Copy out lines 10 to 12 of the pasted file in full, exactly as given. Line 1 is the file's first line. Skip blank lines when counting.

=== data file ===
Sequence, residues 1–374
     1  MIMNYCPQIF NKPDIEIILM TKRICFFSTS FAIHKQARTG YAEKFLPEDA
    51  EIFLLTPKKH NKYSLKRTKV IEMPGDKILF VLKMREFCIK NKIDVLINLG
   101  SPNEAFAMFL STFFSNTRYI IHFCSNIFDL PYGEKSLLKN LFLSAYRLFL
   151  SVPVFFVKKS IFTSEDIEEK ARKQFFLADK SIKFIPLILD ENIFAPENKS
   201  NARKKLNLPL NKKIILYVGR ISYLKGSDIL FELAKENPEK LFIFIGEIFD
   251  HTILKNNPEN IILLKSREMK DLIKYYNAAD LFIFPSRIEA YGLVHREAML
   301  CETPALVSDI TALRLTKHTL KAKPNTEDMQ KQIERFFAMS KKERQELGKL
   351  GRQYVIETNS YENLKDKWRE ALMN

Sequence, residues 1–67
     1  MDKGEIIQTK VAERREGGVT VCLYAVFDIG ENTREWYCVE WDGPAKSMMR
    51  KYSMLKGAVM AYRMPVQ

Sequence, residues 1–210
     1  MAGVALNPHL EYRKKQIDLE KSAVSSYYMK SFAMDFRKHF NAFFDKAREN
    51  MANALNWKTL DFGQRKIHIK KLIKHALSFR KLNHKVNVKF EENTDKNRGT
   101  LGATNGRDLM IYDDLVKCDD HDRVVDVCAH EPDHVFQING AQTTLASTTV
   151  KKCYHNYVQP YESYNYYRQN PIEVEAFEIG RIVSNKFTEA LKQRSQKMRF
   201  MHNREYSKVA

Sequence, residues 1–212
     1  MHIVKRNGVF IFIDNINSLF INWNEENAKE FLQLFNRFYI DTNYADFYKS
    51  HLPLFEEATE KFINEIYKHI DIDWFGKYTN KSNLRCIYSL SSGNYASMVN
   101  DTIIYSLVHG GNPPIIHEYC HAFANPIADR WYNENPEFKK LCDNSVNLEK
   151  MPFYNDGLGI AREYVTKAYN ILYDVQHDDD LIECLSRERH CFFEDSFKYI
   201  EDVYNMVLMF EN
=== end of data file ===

Sequence, residues 1–67
     1  MDKGEIIQTK VAERREGGVT VCLYAVFDIG ENTREWYCVE WDGPAKSMMR
    51  KYSMLKGAVM AYRMPVQ